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    When a contractor submits product as Use-as-is with a minor non-conformance we are supposed to receive an equitable adjustment /consideration for accepting this unless the cost of the savings is less than the cost of the modification to the contract. What is the cost to modify a contract in this scenario, how is it determined, and is there somewhere to reference this? FAR 46.407 (f) ..... However, when supplies or services involving minor non-conformances are accepted, the contract need not be modified unless it appears that the savings to the contractor in fabricating the nonconforming supplies or performing the nonconforming services will exceed the cost to the Government of processing the modification.


    Answer

    This response is based on the information provided.  We suggest you discuss with your contracting officer and/or legal department as appropriate. 

     

    We have searched and cannot find an authoritative source for the following but are reasonably comfortable in sharing nonetheless.  It has been accepted that when creating a value to cover the cost of creating a modification, the dollar value to use was for years $500.  We recently heard the value is now considered to be $1000, again we cannot source that information.

     

    "FAR 46.407 -- Nonconforming Supplies or Services .... (c)

                   (1) In situations not covered by paragraph (b) of this section, the contracting officer ordinarily must reject supplies or services when the nonconformance is critical or major or the supplies or services are otherwise incomplete. However, there may be circumstances (e.g., reasons of economy or urgency) when the contracting officer determines acceptance or conditional acceptance of supplies or services is in the best interest of the Government. The contracting officer must make this determination, based upon--

                                  (i) Advice of the technical activity that the item is safe to use, and will perform its intended purpose;

                                  (ii) Information regarding the nature and extent of the nonconformance or otherwise incomplete supplies or services;

                                  (iii) A request from the contractor for acceptance of the nonconforming or otherwise incomplete supplies or services (if feasible);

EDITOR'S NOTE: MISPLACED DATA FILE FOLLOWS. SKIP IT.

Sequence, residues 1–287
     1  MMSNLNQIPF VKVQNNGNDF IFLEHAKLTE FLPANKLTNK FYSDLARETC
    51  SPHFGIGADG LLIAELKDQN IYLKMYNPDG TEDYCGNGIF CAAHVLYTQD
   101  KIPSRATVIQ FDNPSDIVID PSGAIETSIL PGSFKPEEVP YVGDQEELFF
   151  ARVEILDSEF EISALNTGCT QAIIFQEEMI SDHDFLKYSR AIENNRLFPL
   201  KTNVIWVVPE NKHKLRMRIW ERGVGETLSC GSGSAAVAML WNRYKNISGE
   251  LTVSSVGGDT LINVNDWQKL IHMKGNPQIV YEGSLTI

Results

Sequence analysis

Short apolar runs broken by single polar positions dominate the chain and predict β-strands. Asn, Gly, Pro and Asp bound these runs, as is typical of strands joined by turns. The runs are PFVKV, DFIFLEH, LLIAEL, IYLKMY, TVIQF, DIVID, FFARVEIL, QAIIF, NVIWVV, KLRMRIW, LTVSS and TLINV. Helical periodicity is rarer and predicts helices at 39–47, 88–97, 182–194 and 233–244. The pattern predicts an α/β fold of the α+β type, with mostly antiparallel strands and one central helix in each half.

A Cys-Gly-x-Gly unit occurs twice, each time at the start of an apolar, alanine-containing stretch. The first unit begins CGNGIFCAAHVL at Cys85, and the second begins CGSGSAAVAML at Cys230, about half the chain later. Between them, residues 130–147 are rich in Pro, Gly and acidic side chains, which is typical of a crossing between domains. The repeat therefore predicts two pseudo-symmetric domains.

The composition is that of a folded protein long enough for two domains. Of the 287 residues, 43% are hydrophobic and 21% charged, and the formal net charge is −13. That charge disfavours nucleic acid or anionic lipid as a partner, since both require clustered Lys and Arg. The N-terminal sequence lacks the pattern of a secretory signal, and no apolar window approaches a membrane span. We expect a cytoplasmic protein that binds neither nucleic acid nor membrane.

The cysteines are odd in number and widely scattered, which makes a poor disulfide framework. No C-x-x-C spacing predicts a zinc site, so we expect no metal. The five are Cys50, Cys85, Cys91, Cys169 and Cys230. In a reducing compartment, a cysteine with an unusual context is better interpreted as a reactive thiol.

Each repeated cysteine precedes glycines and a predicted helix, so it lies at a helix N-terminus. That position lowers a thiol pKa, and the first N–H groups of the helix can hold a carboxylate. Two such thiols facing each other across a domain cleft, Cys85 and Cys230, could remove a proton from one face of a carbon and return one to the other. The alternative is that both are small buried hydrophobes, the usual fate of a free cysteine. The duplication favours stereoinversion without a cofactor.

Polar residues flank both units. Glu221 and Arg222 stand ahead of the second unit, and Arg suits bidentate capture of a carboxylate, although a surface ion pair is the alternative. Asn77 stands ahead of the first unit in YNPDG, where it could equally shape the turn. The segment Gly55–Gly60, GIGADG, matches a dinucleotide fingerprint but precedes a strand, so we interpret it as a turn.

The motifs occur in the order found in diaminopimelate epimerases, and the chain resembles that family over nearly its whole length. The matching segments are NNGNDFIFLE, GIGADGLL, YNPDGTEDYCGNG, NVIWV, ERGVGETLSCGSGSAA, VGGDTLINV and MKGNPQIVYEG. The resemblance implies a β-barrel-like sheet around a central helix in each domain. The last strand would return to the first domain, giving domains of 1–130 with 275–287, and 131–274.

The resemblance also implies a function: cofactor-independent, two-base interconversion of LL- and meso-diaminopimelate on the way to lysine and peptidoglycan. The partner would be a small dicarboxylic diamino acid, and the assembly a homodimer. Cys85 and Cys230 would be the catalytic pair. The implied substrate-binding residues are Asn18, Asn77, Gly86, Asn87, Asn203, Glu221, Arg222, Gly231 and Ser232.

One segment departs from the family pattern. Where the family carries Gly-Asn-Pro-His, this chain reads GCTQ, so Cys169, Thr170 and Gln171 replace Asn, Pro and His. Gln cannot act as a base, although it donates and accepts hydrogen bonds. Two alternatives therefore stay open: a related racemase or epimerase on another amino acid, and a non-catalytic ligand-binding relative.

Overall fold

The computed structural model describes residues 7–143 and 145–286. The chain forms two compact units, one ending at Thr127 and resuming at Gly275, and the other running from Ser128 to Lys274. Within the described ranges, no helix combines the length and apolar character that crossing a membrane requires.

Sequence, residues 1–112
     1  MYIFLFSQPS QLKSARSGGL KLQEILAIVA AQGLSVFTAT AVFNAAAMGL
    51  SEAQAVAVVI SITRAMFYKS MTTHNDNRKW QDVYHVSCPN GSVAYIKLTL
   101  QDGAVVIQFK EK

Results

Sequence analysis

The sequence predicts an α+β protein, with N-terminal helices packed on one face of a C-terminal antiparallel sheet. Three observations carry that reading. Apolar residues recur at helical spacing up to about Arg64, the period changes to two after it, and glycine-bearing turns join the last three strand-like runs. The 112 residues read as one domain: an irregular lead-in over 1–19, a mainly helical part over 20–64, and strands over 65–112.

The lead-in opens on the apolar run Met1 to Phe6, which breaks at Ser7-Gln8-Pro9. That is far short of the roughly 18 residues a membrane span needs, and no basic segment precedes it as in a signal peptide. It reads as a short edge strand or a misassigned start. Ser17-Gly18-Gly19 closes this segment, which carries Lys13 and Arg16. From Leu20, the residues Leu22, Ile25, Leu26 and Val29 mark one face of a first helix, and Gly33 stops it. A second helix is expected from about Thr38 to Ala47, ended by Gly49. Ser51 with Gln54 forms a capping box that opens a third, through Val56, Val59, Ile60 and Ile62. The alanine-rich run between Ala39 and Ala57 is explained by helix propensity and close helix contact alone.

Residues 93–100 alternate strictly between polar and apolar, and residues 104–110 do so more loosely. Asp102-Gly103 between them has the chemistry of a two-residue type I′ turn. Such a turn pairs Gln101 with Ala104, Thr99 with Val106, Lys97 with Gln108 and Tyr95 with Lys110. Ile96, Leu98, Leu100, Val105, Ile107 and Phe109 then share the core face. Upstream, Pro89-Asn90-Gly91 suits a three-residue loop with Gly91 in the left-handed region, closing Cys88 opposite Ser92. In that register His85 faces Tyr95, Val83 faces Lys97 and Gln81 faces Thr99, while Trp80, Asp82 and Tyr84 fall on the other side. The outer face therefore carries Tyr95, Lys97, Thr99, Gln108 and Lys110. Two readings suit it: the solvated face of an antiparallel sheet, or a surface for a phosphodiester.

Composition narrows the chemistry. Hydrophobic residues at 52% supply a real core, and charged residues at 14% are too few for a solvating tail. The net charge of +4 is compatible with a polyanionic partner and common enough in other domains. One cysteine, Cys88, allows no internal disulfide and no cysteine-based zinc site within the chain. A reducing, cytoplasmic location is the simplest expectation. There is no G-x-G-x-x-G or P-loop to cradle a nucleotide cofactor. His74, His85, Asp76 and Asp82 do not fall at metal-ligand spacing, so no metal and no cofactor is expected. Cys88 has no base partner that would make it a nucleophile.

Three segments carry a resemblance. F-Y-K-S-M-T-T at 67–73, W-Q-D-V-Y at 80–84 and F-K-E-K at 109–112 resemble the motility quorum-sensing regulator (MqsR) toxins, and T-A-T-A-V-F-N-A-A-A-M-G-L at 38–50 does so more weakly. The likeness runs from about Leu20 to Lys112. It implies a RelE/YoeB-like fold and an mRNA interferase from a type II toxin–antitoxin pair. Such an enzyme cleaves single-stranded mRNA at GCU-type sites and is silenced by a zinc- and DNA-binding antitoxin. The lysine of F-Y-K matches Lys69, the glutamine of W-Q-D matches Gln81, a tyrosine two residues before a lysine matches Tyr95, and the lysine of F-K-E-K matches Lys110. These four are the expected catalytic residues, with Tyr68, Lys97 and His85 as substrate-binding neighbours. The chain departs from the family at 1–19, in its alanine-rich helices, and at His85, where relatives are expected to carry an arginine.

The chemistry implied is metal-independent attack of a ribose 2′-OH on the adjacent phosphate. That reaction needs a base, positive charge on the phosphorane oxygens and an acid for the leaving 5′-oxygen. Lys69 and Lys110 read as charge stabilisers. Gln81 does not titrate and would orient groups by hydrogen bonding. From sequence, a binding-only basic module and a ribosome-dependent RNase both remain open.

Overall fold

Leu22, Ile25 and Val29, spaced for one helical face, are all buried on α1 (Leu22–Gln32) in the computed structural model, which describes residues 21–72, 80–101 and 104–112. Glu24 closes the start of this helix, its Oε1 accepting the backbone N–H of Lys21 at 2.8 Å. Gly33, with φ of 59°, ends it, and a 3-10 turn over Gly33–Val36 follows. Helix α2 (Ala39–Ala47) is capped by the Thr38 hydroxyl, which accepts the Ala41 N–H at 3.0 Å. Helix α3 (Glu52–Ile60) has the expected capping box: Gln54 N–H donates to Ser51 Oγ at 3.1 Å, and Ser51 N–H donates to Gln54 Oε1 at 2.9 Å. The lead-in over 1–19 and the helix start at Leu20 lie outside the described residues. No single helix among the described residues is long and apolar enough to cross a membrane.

(iv) A recommendation for acceptance, conditional acceptance, or rejection, with supporting rationale; and

                                  (v) The contract adjustment considered appropriate, including any adjustment offered by the contractor .... (f) When supplies or services are accepted with critical or major nonconformances as authorized in paragraph (c) of this section, the contracting officer must modify the contract to provide for an equitable price reduction or other consideration. In the case of conditional acceptance, amounts withheld from payments generally should be at least sufficient to cover the estimated cost and related profit to correct deficiencies and complete unfinished work. The contracting officer must document in the contract file the basis for the amounts withheld. For services, the contracting officer can consider identifying the value of the individual work requirements or tasks (subdivisions) that may be subject to price or fee reduction. This value may be used to determine an equitable adjustment for nonconforming services. However, when supplies or services involving minor nonconformances are accepted, the contract need not be modified unless it appears that the savings to the contractor in fabricating the nonconforming supplies or performing the nonconforming services will exceed the cost to the Government of processing the modification."

     

    As you cited and as listed above, non-conforming items can be accepted if requirements in para. c above are met.  In para. f, we can accept without an equitable adjustment.  But we are not required to accept without an equitable adjustment.  Something to consider when making this decision is the contract type.  If it is a cost contract, we would be less concerned with collecting costs which we will effectively be paying for.  But if the contract is firm fixed-price and the contractor is reducing the price in submitting the non-conforming item we suggest the government consider the remedy cover in para. b.

    "(b) The contracting officer ordinarily must give the contractor an opportunity to correct or replace nonconforming supplies or services when this can be accomplished within the required delivery schedule. Unless the contract specifies otherwise (as may be the case in some cost-reimbursement contracts), correction or replacement must be without additional cost to the Government. Subparagraph (e)(2) of the clause at 52.246-2, Inspection of Supplies -- Fixed-Price, reserves to the Government the right to charge the contractor the cost of Government re-inspection and retests because of prior rejection."


    If the government is willing to accept the non-conforming items, we should receive an equitable adjustment commensurate with the savings the contractors is experiencing.

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